7. Kendrys Morales, Seattle Mariners

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    Hitting

    21/30

    Morales hasn’t been as good from the right side of the plate in 2013, and that’s indeed the story of his career. The best way to neutralize him is to put a lefty on the mound. The other thing to do is throw him pitches outside of the strike zone because he will expand and he has a very hard time making contact when he does so. Yet he doesn’t strike out much, and this is the second year in a row he’s had a solid BABIP despite a decidedly ground ball-heavy approach. He makes it work because he’s able to spread them around. He'll do for a solid-hitting DH.

    Power

    19/35

    With many more ground balls than fly balls and line drives, Morales should be a well below-average power hitter. He’s not because of how he’s maintained an ability to drive the ball well enough when he puts it in the air to salvage a decent HR/FB, and it should be noted that Safeco Field has hurt his HR/FB rate just a little bit. And whether he uses line drives or fly balls, he can still get the ball over the outfielders’ heads. His isn't great power, but it's serviceable.

    Baserunning

    2/10

    Morales is down there among the slowest baserunners in the game, and it shows on the basepaths. He’s actually done a decent job of going first to third in 2013, but he’s also run into too many outs for a station-to-station guy, and those first-to-thirds are the rare exception when it comes to taking extra bases. Put him on the bases, and they're officially clogged.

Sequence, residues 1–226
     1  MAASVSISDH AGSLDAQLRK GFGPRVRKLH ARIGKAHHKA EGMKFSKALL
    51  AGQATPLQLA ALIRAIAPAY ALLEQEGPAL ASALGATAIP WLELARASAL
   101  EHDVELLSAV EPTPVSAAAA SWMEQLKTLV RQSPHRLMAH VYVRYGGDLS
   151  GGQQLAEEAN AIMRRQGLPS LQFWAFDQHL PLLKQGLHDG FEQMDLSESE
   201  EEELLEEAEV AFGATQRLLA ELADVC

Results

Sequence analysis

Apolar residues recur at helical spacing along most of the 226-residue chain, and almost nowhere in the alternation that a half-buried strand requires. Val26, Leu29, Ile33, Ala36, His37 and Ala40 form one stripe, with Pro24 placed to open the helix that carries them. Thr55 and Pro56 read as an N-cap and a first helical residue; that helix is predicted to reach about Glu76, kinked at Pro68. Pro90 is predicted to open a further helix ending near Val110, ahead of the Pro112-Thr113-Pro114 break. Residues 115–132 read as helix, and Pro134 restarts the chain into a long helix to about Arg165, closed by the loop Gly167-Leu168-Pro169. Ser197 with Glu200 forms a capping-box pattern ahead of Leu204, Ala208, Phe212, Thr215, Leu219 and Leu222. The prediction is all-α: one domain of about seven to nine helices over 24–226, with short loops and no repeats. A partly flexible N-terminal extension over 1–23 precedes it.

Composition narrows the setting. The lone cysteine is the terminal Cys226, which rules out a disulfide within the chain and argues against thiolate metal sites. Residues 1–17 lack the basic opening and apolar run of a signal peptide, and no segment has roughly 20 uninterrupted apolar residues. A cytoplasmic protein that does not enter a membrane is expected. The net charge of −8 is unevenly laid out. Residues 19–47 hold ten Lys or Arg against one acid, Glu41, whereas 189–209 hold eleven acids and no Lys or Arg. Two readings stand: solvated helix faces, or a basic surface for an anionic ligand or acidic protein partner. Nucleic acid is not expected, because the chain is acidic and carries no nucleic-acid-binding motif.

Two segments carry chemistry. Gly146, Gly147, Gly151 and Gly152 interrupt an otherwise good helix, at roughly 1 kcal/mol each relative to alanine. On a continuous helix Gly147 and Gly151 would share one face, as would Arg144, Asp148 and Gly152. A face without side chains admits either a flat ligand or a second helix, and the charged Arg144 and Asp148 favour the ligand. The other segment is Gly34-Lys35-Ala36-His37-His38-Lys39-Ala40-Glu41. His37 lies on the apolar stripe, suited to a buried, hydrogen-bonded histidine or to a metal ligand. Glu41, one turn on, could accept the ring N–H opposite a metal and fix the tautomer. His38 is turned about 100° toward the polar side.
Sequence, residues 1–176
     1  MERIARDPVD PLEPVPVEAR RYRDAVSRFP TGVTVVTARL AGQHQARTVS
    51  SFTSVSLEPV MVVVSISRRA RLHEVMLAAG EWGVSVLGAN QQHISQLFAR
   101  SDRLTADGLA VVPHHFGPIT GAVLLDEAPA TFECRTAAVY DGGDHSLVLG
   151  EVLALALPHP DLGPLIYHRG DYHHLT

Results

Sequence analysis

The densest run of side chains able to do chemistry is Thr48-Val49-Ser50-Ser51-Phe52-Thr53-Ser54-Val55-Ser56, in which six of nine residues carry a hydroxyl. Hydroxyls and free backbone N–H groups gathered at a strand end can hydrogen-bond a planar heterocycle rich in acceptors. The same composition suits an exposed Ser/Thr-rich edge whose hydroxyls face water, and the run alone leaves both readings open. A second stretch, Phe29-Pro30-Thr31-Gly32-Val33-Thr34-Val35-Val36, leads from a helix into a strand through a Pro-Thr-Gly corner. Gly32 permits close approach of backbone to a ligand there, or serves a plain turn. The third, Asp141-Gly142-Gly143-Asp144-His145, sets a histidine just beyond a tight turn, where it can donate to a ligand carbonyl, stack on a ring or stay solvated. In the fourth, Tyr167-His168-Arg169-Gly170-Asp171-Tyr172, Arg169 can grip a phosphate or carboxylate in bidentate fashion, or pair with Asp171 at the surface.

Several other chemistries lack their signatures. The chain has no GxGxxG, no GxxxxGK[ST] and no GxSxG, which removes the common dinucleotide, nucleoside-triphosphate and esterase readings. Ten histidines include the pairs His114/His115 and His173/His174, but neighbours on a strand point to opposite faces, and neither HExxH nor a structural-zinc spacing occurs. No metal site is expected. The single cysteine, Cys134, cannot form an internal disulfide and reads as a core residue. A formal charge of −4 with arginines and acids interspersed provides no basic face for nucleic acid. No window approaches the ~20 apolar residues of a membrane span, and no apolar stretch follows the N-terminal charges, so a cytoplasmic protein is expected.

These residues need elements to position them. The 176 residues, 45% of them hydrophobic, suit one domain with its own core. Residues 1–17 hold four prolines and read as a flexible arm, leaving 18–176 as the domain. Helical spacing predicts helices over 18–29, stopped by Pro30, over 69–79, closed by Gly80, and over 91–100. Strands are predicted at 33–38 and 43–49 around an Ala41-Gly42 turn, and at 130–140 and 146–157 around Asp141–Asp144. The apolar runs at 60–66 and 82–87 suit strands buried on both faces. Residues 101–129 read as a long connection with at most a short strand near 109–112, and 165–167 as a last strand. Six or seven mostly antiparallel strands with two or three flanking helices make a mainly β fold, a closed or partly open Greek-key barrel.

Health

    8/10

    Morales basically lost two years of his career after breaking his leg jumping on home plate in 2010. He’s been largely healthy since then, however, and he isn’t yet deep into his 30s.

    Total

    50/85

    Morales' quietly excellent 2009 season is a distant memory at this point, but he can still hit. His numbers will only go so high, but he can do a .330-.340 OBP and a slugging percentage in the mid-.400s.

6. John Jaso, Oakland A's

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    Note: Jaso has played catcher more than DH in 2013, but it was the opposite in 2012. And given his poor defense behind the plate and the concussion he suffered back in July, it's possible he's headed for life as a full-time DH.

    Hitting

    24/30

    Jaso’s is going to put together long at-bats, as he likes to see pitches and he has outstanding plate discipline. Put those two things together, and you get a terrific walk habit. He’s been a line-drive machine to the opposite field in 2013 and has been one in general over the past two seasons. And in 2013, he actually has a BABIP he deserves. The catch is that Jaso is a platoon player who plays almost exclusively against right-handed pitching. That makes his job easier.

    Power

    12/35